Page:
0 Likes

Hotel Melody Accomodation Oradea
West Carpathians

Situat în Oradea, judetul Bihor, la 10 km de frontiera româno-ungară Hotel Melody oferă elegantă şi rafinament într-o ambiantă deosebită. 

Capacitatea de cazare este de 22 camere single, double şi apartamente, dotate cu televizor, mini-bar, frigider, aer condiţionat, room service, telefon intern şi international. Hotelul are un restaurant cu o capacitate de 50 de locuri, un bar de zi, o grădină cu barbeque, o parcare interioară şi exterioară păzită.

Informatii de contact

View More »

Copyright: Info3d.ro
Typ: Spherical
Resolution: 7000x3500
Uppladdad: 19/07/2011
Uppdaterad: 11/08/2014
Visningar:

...


Tags: accomodation oradea; cazare oradea; turism oradea; hotel oradea; hotel melody oradea; apartament oradea; oradea ardeal; hotelier oradea; cazare in oradea; calatorii in oradea; turism in oradea; vacanta in oradea; melody info3d; hotel melody info3d
comments powered by Disqus

Info3D.ro
Hotel Melody Oradea Bihor
Csaba Papp
Magnolia Park, Oradea, ROU
Csaba Papp
Children's little Town, Oradea, ROU
Csaba Papp
Roman-Catholic Basilica, Oradea, ROU
A.G.Popa
Basilica catolica interior-01-360city
A.G.Popa
Basilica catolica interior-02-360city
A.G.Popa
Republicii street, Moskovits Palace -Oradea- Romania
claudio divile
Oradea
A.G.Popa
Primaria Oradea - interior01
Info3D.ro
Primaria Oradea
Oprea Sebastian
Oradea TownHall
A.G.Popa
Piata Unirii - bridge
Willy Kaemena
Verde Canyon Railroad
Willy Kaemena
Verde Canyon Railroad First Class
Jeffrey Martin
Bathtub after the Kids
Phil Warner
Tucson Cactus off Mount Lemmon Highway
Edward Crabbe
The water tank of Etterbeek / Le Reservoire d'eau d'Etterbeek
heiwa4126
BIG EGG Tokyo Doom 1988
Phil Warner
Windy Point Vista - Tucson, AZ
Mark Florko
Antonio's Chapel
Matjaz Kacicnik
Easter mass in the White Monastery, Egypt
Wayne Edwards
Freestyle graffiti paintings by Birmingham crew
Evgeny Efimov
Abandoned electric station on the river Olym, view from the dam
Jedsada Puangsaichai
Deluxe Family King Shower Room, Festive Hotel, Singapore
Info3D.ro
Matrimoniu
Info3D.ro
Eforie Nord Vila Coralis on Roof Constanta
Info3D.ro
Baroque lounge pub craiova dolj
Info3D.ro
Siqua Hotel Cheap Price Accomodation
Info3D.ro
One Time Pub Pitesti
Info3D.ro
Hotel Star - Pitesti Arges - Reception
Info3D.ro
Hotel rental flat code 107, Ion Brezoianu 47-49 sector 1, Bucharest
Info3D.ro
Amat Pitesti Waiting Room Service
Info3D.ro
Honda Showroom Pitesti Car Service
Info3D.ro
Restaurantbaba novac craiova
Info3D.ro
Hotel rental studio apartment code 42, str Piata Amzei 10-14, sector 1, Bucharest
Info3D.ro
Pensiune pitesti cora receptie
Mer om Transsylvania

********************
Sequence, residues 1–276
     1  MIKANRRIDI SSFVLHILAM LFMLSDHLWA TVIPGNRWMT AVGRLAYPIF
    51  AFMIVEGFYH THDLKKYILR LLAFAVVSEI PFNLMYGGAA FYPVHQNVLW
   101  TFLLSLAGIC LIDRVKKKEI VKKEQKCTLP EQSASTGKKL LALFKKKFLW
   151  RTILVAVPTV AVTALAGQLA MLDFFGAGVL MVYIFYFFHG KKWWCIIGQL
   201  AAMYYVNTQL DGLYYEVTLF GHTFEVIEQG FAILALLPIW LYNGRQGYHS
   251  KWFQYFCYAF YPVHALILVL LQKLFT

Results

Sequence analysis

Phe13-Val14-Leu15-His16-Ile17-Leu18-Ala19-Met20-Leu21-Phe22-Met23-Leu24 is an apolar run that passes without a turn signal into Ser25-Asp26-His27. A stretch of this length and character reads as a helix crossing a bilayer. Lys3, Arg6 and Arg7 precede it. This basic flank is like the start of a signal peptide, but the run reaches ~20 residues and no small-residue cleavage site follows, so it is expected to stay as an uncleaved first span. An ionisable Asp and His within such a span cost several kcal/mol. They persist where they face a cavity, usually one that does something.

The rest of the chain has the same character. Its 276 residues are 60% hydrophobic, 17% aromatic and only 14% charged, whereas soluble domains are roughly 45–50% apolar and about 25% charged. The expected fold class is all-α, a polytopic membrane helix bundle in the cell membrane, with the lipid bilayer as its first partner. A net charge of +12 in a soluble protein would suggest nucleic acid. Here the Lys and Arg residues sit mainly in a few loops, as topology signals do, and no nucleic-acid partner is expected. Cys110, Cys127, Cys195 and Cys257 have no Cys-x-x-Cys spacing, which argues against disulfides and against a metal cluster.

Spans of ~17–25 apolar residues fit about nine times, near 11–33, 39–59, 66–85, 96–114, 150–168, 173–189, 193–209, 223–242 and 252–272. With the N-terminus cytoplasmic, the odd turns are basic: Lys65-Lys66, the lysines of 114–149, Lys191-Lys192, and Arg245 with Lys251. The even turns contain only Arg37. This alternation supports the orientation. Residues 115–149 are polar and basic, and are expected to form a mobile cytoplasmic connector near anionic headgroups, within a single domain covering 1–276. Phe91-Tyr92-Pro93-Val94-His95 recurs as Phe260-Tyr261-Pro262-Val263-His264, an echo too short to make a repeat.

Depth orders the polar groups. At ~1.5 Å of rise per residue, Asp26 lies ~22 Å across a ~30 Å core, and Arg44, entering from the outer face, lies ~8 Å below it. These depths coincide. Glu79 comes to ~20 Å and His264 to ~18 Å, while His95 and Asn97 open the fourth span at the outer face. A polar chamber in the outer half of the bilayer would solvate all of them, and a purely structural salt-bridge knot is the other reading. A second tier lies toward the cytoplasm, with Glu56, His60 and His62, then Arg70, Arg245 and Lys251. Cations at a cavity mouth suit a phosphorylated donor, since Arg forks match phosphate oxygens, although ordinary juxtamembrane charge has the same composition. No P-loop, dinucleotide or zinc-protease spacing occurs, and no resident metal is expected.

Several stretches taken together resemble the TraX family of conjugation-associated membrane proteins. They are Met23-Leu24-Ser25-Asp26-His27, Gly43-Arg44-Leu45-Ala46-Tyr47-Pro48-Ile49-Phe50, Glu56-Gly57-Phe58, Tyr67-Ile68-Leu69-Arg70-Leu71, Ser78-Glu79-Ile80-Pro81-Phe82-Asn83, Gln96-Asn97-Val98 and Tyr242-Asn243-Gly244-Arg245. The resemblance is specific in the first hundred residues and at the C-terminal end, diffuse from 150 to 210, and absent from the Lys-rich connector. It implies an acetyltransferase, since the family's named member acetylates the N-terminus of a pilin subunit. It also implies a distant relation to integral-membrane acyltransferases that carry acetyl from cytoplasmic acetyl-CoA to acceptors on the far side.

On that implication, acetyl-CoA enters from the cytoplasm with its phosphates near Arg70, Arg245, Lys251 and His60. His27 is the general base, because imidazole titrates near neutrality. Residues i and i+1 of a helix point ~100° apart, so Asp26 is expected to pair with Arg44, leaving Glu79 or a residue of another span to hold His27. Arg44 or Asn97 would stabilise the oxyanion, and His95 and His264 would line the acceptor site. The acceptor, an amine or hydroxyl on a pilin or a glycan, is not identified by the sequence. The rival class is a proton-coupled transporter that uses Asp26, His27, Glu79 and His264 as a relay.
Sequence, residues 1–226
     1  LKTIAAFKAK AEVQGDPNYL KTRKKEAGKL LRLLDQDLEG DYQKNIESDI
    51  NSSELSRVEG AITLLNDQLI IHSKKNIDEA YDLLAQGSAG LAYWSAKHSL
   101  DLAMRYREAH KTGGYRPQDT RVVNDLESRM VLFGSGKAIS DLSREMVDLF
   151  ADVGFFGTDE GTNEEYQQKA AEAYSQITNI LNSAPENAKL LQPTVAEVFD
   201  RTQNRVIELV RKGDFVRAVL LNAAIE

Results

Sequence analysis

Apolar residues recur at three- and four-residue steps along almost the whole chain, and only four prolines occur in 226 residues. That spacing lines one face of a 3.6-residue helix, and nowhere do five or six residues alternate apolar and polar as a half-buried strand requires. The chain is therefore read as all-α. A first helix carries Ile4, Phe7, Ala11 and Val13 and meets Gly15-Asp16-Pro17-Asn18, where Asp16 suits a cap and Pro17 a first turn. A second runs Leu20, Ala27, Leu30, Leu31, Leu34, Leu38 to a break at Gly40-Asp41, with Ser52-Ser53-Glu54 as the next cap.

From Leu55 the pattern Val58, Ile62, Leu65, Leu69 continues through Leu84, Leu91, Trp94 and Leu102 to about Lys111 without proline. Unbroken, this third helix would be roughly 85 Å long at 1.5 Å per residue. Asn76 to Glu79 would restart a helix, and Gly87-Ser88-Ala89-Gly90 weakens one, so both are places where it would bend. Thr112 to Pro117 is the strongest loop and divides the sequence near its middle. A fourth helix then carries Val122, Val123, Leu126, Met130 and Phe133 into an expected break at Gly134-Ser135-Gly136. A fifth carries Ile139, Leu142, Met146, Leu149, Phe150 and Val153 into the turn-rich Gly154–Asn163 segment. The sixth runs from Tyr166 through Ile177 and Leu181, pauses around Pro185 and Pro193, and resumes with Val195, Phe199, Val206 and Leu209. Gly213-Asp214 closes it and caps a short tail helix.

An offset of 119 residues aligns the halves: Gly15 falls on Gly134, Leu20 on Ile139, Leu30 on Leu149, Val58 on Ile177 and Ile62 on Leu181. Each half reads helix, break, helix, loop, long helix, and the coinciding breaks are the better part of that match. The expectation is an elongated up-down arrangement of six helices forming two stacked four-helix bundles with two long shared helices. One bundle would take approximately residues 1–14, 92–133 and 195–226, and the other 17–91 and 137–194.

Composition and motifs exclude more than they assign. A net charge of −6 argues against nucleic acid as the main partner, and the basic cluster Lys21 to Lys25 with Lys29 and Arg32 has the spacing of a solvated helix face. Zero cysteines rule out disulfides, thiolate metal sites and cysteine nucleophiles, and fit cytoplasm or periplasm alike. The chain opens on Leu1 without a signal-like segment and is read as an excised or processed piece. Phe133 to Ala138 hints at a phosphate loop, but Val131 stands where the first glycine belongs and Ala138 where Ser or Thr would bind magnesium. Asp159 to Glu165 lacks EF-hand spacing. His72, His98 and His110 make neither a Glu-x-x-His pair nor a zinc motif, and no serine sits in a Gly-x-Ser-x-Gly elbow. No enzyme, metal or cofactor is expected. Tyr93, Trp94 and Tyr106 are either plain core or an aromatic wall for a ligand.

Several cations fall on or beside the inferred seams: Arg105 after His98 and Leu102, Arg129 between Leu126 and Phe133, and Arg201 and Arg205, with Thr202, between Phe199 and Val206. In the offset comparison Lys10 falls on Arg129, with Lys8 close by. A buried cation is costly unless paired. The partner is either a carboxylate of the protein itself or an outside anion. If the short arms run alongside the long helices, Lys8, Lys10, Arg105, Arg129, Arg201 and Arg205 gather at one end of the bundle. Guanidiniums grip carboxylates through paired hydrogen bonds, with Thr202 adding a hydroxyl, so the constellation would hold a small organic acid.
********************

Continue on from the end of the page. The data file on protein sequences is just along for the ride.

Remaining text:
Transylvania (Romanian: Ardeal or Transilvania; Hungarian: Erdély; German: De-Siebenbürgen.ogg Siebenbürgen (help·info), see also other denominations) is a historical region in the central part of Romania. Bounded on the east and south by the Carpathian mountain range, historical Transylvania extended in the west to the Apuseni Mountains; however, the term frequently encompasses not only Transylvania proper, but also the historical regions of Crişana, Maramureş, and (Romanian) Banat.Transylvania was once the nucleus of the Kingdom of Dacia (82 BC–106 AD). In 106 AD the Roman Empire conquered the territory and after that its wealth was systematically exploited. After the Roman legions withdrew in 271 AD, it was overrun by a succession of tribes, which subjected it to various influences. During this time areas of it were under the control of the Visigoths, Huns, Gepids, Avars and Bulgars. Thereafter the Romanized Dacian inhabitants either moved into the mountains and preserved their culture or migrated southward. It is likely that elements of the mixed Daco–Roman population held out in Transylvania.[1] There is an ongoing scholarly debate over the population of Transylvania before the Hungarian conquest[2] (see Origin of the Romanians).The Magyars conquered the area at the end of the 9th century and firmly established their control over it in 1003, when their king Stephen I, according to legend, defeated the native prince entitled or named Gyula.[3][4][5][6] Between 1003 and 1526, Transylvania was a voivodeship of the Kingdom of Hungary, led by a voivod appointed by the Hungarian King. After the Battle of Mohács in 1526 Transylvania became effectively an independent principality ruled primarily by Calvinist Hungarian princes. Afterward, in 1566, Hungary was divided between the Habsburgs and the Turks, with the Transylvanian principality maintaining autonomy as an Ottoman subject.The Habsburgs acquired the territory shortly after the Battle of Vienna in 1683. The Habsburgs, however, recognized the Hungarian sovereignty over Transylvania,[1][dubious – discuss] while the Transylvanians recognized the suzerainty of the Habsburg emperor Leopold I (1687), and the region was officially attached to the Habsburg Empire, separated in all but name[7][8] from Habsburg controlled Hungary[9][10][11] and subjected to the direct rule of the emperor’s governors.[12] In 1699 the Turks legally conceded their loss of Transylvania in the Treaty of Karlowitz; however, anti-Habsburg elements within the principality only submitted to the emperor in the 1711 Peace of Szatmár. After the Ausgleich of 1867 the region was fully reabsorbed into Hungary [4][6] as a part of the newly established Austro-Hungarian Empire.Following defeat in World War I, Austria-Hungary began to disintegrate. The ethnic Romanian majority elected representatives, who then proclaimed union with Romania on December 1, 1918. In 1920, the Allies confirmed the union in the Treaty of Trianon. Hungary protested against the detach, as over 1,600,000 Hungarian people[13] were living in the area in question, mainly in Szekler Land of Eastern Transylvania, and along the newly created border, which was drawn through areas with Hungarian majority. In August 1940, in the midst of World War II, Hungary regained about 40% of Transylvania by the Vienna Award, with the aid of Germany and Italy. The territory, however, reverted to Romania in 1945; this was confirmed in the 1947 Paris Peace Treaties[4].In distant regions, Transylvania is also often associated with Dracula[14][15][16] (Bram Stoker's novel and its film adaptations), and the horror genre in general, while in countries of Central and Eastern Europe the region is known for the scenic beauty of its Carpathian landscape and its rich history.